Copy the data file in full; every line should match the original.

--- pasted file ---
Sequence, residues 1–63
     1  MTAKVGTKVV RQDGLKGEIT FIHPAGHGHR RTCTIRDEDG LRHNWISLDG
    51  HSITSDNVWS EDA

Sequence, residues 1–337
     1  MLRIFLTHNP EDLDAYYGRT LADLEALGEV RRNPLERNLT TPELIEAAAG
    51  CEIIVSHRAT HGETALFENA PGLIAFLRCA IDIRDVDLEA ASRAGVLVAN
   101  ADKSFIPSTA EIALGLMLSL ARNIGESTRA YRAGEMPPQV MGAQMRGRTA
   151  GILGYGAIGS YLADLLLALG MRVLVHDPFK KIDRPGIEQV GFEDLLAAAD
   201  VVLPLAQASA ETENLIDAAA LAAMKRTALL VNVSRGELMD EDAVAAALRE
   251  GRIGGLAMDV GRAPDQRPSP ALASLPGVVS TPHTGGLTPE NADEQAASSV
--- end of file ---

Sequence, residues 1–63
     1  MTAKVGTKVV RQDGLKGEIT FIHPAGHGHR RTCTIRDEDG LRHNWISLDG
    51  HSITSDNVWS EDA

Sequence, residues 1–337
     1  MLRIFLTHNP EDLDAYYGRT LADLEALGEV RRNPLERNLT TPELIEAAAG
    51  CEIIVSHRAT HGETALFENA PGLIAFLRCA IDIRDVDLEA ASRAGVLVAN
   101  ADKSFIPSTA EIALGLMLSL ARNIGESTRA YRAGEMPPQV MGAQMRGRTA
   151  GILGYGAIGS YLADLLLALG MRVLVHDPFK KIDRPGIEQV GFEDLLAAAD
   201  VVLPLAQASA ETENLIDAAA LAAMKRTALL VNVSRGELMD EDAVAAALRE
   251  GRIGGLAMDV GRAPDQRPSP ALASLPGVVS TPHTGGLTPE NADEQAASSV